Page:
Editor’s note: I stumbled on this diary on dailykos.com the other day. Dailykos has a policy of allowing full reprints of their articles provided they are given full acknowledgment. This diary is a good summation of the horrible mess that HAVA and subsequent changes have wrought. As you well know the Republican Party will NOT do one damn thing to fix the problems:
In 2016, American election systems in 39 states were reportedly hacked and/or compromised by corrupt leaders in office and by foreign and domestic entities. How that corruption affected election results is still unknown—and may remain unknown given there’s proof that hacking can be done—without leaving a trace.
So, how safe will our voting systems be in the upcoming midterm elections? Switching from electronic/paperless voting ballots back to paper ballots is being discussed more and more and may be the only way to ensure the fairest midterm elections. One computer scientist has been a longtime relentless advocate for bringing paper ballots back to all states and exposing the perils of electronic paperless ballots. That scientist is Barbara Simons. She is a former President of the Association for Computing Machinery (ACM), the nation’s largest educational and scientific computing society, and the first and only woman to have received the Distinguished Engineering Alumni Award from the College of Engineering of U.C. Berkeley, where she earned her Ph.D. in computer science. Jill Leovy with The Atlantic reports on the story:
For years, Barbara Simons was the loneliest of Cassandras—a technologist who feared what technology had wrought. Her cause was voting: Specifically, she believed that the electronic systems that had gained favor in the United States after the 2000 presidential election were shoddy, and eminently hackable. She spent years publishing opinion pieces in obscure journals with titles like Municipal World and sending hectoring letters to state officials, always written with the same clipped intensity.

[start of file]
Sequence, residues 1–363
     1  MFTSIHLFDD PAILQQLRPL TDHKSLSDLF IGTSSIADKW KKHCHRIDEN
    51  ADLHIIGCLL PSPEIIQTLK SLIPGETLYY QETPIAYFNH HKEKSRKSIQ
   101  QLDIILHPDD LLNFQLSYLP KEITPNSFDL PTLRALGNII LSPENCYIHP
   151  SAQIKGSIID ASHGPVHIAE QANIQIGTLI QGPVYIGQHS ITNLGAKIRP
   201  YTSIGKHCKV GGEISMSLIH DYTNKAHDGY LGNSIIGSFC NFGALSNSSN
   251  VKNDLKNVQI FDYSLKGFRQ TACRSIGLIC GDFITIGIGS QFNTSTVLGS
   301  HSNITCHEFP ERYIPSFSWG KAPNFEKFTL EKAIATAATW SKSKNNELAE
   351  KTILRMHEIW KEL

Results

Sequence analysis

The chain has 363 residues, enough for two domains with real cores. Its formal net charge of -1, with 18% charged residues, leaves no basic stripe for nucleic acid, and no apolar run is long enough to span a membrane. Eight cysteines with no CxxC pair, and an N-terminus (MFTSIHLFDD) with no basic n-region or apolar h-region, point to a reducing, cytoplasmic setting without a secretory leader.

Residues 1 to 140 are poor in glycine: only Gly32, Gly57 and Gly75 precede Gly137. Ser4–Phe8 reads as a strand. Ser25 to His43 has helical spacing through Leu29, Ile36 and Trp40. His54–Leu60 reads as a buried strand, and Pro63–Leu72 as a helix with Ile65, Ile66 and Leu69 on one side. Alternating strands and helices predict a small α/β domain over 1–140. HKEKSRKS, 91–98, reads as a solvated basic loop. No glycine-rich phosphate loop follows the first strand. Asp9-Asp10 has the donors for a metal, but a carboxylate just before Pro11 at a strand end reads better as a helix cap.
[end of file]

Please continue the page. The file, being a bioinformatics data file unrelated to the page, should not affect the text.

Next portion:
Simons, a liberal, has written books that examined voting systems. Previously, prominent progresssive organizations like ACLU and the American League of Women Voters worked against Simons and her push for paper ballots. They believed paper ballots removed the opportunity for more people with disabilities to vote. While that is a valid point, a greater concern, Simons sees, is that paperless ballots are leaving whole elections at risk. In the past, Simons has been treated poorly. At one conference, the American League of Women Voters tried to yank the microphone from hands not wanting her to continue pointing out her views and fears.
Freely speaking her mind in public today no longer poses a problem for Simons. In July she packed a room at the annual Def Con Hacker Conference in Las Vegas. She told the audience. “I lose sleep over this. I hope you will too.” She conducted an experiment.
Four voting machines had been secured for the event, three of them types still in use. One team of hackers used radio signals to eavesdrop on a machine as it recorded votes. Another found a master password online. Within hours of getting their hands on the machines, the hackers had discovered vulnerabilities in all four.
That afternoon, Simons was surrounded by reporters. She told USA Today, “Anything that’s happening in here, you can be sure [it’s something] that those intent on undermining the integrity of our election systems have already done.”
According to the Department of Homeland Security, those efforts included attempts to meddle with the electoral process in 21 states. At the same time, a series of highly publicized hacks—at Sony, Equifax, the U.S. Office of Personnel Management—has driven home the reality that very few computerized systems are truly secure.